USTAR Associate Professor of Neurobiology and Anatomy,
Brain and Behavior
The Wachowiak Lab
B.S. 1990, Duke University; Ph.D. 1996, University of Florida; Postdoctoral Fellow 1998-2002, Yale Univeristy School of Medicine.
Understanding the basic principles of olfactory function
We study how the nervous system encodes odor information, and how the brain processes this information. In other words, how does the brain identify smells? This is a tough problem because: (1) most smells are complex mixtures of different odor molecules; (2) the number of different smells that an animal must detect and identify is huge; and (3) the olfactory environment is highly varied over time and space. Our focus is on understanding how patterns of neural activity encode odor information and how this code changes as a result of neural processing.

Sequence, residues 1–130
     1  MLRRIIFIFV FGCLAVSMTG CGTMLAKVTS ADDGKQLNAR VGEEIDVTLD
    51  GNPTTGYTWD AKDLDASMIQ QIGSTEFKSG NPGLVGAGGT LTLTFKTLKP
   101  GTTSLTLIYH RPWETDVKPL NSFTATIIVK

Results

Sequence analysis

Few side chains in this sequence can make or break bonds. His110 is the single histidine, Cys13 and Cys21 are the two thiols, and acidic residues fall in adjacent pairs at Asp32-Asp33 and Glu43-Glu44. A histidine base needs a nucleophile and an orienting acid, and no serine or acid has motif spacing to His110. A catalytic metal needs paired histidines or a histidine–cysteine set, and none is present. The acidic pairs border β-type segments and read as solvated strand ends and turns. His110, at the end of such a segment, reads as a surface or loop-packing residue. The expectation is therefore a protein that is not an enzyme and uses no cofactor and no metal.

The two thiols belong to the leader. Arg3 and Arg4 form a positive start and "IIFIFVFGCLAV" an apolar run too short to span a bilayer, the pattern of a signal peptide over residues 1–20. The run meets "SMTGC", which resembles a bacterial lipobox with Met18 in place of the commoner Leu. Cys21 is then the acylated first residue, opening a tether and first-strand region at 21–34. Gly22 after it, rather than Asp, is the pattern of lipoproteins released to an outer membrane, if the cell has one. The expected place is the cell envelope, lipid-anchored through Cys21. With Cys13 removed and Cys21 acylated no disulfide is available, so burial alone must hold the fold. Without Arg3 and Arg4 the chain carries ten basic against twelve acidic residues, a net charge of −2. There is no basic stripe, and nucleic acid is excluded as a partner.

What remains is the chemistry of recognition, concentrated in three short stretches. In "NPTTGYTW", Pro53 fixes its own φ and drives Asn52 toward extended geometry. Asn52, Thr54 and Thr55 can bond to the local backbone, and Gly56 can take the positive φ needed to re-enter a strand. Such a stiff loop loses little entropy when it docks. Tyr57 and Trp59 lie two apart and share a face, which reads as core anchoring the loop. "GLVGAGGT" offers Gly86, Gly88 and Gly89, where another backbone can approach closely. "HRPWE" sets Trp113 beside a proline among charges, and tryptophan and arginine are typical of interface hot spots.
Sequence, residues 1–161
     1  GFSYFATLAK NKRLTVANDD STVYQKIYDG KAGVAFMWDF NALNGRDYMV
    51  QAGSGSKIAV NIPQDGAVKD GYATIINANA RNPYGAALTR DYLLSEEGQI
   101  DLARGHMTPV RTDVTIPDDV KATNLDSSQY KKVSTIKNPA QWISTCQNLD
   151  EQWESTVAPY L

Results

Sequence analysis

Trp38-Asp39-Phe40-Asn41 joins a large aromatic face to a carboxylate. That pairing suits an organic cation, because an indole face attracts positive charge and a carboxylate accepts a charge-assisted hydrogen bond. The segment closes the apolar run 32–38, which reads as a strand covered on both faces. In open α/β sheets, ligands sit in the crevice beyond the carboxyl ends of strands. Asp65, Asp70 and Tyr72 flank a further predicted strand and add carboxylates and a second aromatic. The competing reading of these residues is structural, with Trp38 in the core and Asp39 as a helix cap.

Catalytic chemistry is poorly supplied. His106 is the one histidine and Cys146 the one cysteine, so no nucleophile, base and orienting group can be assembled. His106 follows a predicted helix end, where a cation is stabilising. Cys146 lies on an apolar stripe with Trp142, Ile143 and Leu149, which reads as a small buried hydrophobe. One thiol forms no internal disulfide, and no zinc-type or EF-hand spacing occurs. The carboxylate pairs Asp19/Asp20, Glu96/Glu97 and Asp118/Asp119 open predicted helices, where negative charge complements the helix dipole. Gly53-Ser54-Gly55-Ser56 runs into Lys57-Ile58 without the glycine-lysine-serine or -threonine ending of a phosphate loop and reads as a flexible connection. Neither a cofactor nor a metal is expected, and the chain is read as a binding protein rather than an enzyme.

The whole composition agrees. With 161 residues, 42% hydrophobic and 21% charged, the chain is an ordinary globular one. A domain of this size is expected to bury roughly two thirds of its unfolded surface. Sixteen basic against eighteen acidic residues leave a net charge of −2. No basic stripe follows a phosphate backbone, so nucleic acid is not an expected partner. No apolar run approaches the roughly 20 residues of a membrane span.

Another major interest of the lab is to understand olfaction as an active sense in which the detection, encoding and processing of odor information is shaped by the animal's behavior at all levels of the nervous system. We use optical imaging as a primary tool to directly visualize neural activity as an animal smells an odor, and also to investigate how neurons process olfactory information using reduced preparations. We image activity in the earliest stages of the olfactory pathway - among olfactory receptor neurons, which detect odorants, and neurons in the olfactory bulb, the first stage of olfactory processing in the brain.